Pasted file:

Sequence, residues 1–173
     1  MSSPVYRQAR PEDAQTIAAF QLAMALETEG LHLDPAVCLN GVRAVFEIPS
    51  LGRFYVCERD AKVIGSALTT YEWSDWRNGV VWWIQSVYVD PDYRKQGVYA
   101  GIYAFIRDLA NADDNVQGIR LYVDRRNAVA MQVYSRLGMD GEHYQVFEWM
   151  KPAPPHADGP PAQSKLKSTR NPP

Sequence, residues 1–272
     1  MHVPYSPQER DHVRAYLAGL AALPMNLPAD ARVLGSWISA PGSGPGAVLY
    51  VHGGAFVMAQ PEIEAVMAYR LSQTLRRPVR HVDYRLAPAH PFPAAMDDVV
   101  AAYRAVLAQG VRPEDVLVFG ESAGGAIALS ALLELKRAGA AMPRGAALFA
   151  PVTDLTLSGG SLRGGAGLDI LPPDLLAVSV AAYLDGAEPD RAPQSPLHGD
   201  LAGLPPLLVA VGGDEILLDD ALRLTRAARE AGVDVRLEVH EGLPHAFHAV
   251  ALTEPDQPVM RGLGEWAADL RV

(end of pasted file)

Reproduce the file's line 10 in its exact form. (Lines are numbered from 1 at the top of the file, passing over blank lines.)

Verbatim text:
   151  PVTDLTLSGG SLRGGAGLDI LPPDLLAVSV AAYLDGAEPD RAPQSPLHGD